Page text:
It’s rare to find good news about tweens, teens, smartphones, and social media. But in our house, the very tool that we purchased for our middle schooler to stay in touch with us, has had surprising benefits during the critical adolescent years.
On any given day, I can usually count on at least one type of communication from my now 14-year-old daughter, who will start high school next year. This morning I sat down in my home office to get started with my work for the day and noticed that my daughter had updated her Instagram Story while waiting for the bus. She sent friends good-luck wishes for the week’s tests and a series of funny memes as a stress reducer. Her InstaStory was thoughtful and sweet and let me know that this week is going to be rough—even though she didn’t say it on her way out the door.
During the middle of the day, I noticed she posted during lunch when she was allowed to have her phone out at school. She breathed a sigh of relief that testing was over for the day and sent me a private message, responding to my InstaStory laughing at the day’s antics of our backyard chickens. On the bus home, she sent me a photo of a cat whose head was stuck through an entire pizza, followed by laugh emojis.
“Cat pizza? Really?” I asked as she walked in the door after school.
“Cat pizza!” she exclaimed, erupting in a fit of laughter. We talked about how ridiculous the meme was as she made her way to the fridge. She grabbed a stick of string cheese, and, holding it with one hand, she thrusted the phone in my face with the other, scrolling through a series of memes that were just as hilarious. We were both laughing when her sixth-grade brother walked in the door a couple minutes later. Soon she was sharing what she had just showed me minutes before, and he was sitting there, shaking his head and smiling. Later the whole scenario was recounted for my husband at the dinner table. He had trouble understanding why this whole thing was funny until he was subjected to the meme thread, too. I guess you could say that social media has the power to bring us together as a family, even if we’re bonding over cat pizza.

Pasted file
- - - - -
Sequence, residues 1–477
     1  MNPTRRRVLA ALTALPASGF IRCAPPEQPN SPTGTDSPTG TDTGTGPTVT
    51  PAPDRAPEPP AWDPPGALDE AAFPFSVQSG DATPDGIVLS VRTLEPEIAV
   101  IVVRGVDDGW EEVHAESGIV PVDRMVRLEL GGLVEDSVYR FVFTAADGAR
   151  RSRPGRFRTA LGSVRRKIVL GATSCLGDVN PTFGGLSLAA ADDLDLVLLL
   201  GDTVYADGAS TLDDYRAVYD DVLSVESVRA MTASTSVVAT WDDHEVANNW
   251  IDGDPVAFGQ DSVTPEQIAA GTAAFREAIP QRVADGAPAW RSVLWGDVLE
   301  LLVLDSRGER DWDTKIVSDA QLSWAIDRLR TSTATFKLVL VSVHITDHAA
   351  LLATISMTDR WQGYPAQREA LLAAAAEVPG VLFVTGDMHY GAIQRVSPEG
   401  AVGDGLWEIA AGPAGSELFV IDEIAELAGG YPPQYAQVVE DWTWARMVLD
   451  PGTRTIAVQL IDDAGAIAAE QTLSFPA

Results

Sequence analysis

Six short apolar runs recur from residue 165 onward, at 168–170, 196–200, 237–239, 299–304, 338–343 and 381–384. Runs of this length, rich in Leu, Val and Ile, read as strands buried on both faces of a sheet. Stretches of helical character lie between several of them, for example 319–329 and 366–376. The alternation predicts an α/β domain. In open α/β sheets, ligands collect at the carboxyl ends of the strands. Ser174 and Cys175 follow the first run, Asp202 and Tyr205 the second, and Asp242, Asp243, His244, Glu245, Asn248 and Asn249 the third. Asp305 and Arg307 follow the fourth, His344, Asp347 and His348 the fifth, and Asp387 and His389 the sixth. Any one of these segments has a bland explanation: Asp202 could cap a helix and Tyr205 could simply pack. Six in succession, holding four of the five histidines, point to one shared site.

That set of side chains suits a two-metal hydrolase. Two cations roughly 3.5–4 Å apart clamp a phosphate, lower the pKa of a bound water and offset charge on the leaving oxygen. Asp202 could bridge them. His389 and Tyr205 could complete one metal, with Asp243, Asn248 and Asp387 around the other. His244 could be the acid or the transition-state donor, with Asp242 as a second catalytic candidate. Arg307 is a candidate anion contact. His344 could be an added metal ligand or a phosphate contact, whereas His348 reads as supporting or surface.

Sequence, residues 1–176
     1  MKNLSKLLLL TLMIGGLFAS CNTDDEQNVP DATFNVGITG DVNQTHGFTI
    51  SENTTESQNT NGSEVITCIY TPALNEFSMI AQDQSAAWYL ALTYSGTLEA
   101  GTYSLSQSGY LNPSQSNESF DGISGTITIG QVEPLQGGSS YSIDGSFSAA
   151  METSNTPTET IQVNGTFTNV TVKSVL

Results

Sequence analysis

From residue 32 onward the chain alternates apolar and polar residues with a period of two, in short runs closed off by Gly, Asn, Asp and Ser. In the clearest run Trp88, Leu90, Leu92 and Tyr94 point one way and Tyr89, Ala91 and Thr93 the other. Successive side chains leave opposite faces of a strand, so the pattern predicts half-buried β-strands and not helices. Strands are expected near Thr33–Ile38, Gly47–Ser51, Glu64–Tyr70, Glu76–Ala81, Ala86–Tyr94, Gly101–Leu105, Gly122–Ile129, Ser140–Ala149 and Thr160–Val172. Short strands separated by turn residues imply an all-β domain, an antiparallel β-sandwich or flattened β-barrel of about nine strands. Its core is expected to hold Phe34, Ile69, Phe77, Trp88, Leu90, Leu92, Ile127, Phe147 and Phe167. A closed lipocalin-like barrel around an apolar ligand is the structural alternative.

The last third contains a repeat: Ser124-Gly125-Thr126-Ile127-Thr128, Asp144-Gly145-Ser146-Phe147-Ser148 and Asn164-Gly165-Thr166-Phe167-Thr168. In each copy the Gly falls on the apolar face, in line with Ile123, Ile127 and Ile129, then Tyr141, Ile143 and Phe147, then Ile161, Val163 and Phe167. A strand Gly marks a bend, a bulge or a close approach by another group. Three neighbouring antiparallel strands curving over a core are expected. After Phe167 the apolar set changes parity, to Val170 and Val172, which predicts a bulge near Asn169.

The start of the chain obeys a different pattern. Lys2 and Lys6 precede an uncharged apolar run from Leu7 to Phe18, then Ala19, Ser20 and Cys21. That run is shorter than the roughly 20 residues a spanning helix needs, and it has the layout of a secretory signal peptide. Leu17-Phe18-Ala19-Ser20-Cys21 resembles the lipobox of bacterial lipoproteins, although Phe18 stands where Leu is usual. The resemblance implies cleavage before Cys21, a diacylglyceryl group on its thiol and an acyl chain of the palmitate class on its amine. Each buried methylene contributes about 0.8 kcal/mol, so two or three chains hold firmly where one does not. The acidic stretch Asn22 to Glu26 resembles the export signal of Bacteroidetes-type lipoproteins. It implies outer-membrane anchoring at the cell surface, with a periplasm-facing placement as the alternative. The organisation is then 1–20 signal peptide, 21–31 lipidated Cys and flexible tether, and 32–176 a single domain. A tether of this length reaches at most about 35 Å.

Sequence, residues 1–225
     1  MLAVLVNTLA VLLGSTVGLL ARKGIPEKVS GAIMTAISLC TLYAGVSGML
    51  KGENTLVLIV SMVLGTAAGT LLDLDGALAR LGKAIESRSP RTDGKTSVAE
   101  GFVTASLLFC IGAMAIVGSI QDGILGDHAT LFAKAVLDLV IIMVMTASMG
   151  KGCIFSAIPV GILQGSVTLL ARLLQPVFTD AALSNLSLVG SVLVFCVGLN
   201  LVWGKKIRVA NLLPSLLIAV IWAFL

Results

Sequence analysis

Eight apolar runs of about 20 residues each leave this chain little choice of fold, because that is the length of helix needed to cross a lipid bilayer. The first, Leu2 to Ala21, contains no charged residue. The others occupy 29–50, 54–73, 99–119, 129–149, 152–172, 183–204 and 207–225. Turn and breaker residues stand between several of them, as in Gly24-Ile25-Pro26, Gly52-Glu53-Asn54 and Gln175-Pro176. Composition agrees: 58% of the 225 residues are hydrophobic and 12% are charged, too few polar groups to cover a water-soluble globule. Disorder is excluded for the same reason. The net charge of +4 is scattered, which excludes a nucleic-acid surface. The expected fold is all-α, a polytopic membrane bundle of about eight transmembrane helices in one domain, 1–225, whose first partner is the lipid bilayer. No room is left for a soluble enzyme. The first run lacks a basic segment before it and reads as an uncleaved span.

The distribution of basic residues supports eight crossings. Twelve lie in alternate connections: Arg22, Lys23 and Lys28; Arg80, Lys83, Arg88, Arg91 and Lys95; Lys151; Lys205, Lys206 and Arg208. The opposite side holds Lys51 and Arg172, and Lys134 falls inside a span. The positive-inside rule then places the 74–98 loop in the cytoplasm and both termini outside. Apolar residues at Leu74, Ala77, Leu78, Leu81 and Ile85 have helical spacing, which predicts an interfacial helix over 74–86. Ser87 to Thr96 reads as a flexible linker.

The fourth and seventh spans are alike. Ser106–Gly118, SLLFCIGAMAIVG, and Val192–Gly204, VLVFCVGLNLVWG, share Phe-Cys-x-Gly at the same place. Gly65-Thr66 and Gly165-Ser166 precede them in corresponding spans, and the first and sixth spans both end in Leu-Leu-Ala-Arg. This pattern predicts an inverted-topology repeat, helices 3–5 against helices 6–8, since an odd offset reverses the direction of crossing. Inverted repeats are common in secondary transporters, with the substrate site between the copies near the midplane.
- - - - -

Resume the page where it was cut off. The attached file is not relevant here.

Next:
While the decision about when to get your child a smartphone differs for every family, my husband and I don’t have any regrets about putting devices in our kids’ hands earlier rather than later. Sure, there have been downsides. We’ve learned exactly how quickly 2GB of data evaporates when kids are watching YouTube videos on the bus, witnessed the explosion of text messages in a group chat upon leaving the house to play a soccer game, and talked through some tough things before we meant to in the high school years. Text and private messages have been scrutinized together during conversations about how hard it is to convey tone through a screen. We’ve seen friendships wax and wane. But many of those ups and downs are as much hallmarks of adolescence as fallout from smartphone and social media use. And at every step of the way, parental involvement has been key.
If you’re looking to use social media as a positive way of communicating with your teen, here are three takeaways from our experience:
Realize the importance of learning together. While you may feel that you have a grasp on today’s social media tools, new ones are popping up every day. I remember when my daughter asked if she could download Sarahah. She said that some of her friends were using it, explained what it was used for, and asked if she could join, too. Before saying yes, I did my homework. I read the Common Sense Media review, polled fellow parent friends on Facebook, and did a quick Google search to get up to speed on the general parent sentiment. It’s not easy to parent in the digital age when new apps, social media platforms, and devices are coming out, but it’s important for families to work toward teaching responsibility and creating conversations, rather than just saying no.
Use the same social media tools as your kids. Not only does this familiarize you with the platforms, but having an account facilitates communication and conversations about the things that are important to your teens. My daughter and I communicate regularly through Instagram, and even though we don’t have a Snap streak going, I can still keep an eye on the content she posts.
Be respectful about what you post and the way you interact with your teen on social media platforms. While social media tools are great methods of communication, be aware of what is and isn’t OK. As my daughter has gotten older and her friends have become more social media savvy, I’m even more careful about what content I post. I’ve always checked with my kids to ensure the photos I’m sharing get their stamp of approval, partly because I know their friends can see what I post. Have a conversation with your teen about what is and isn’t OK, and know that what they may deem appropriate now might not be in the near future.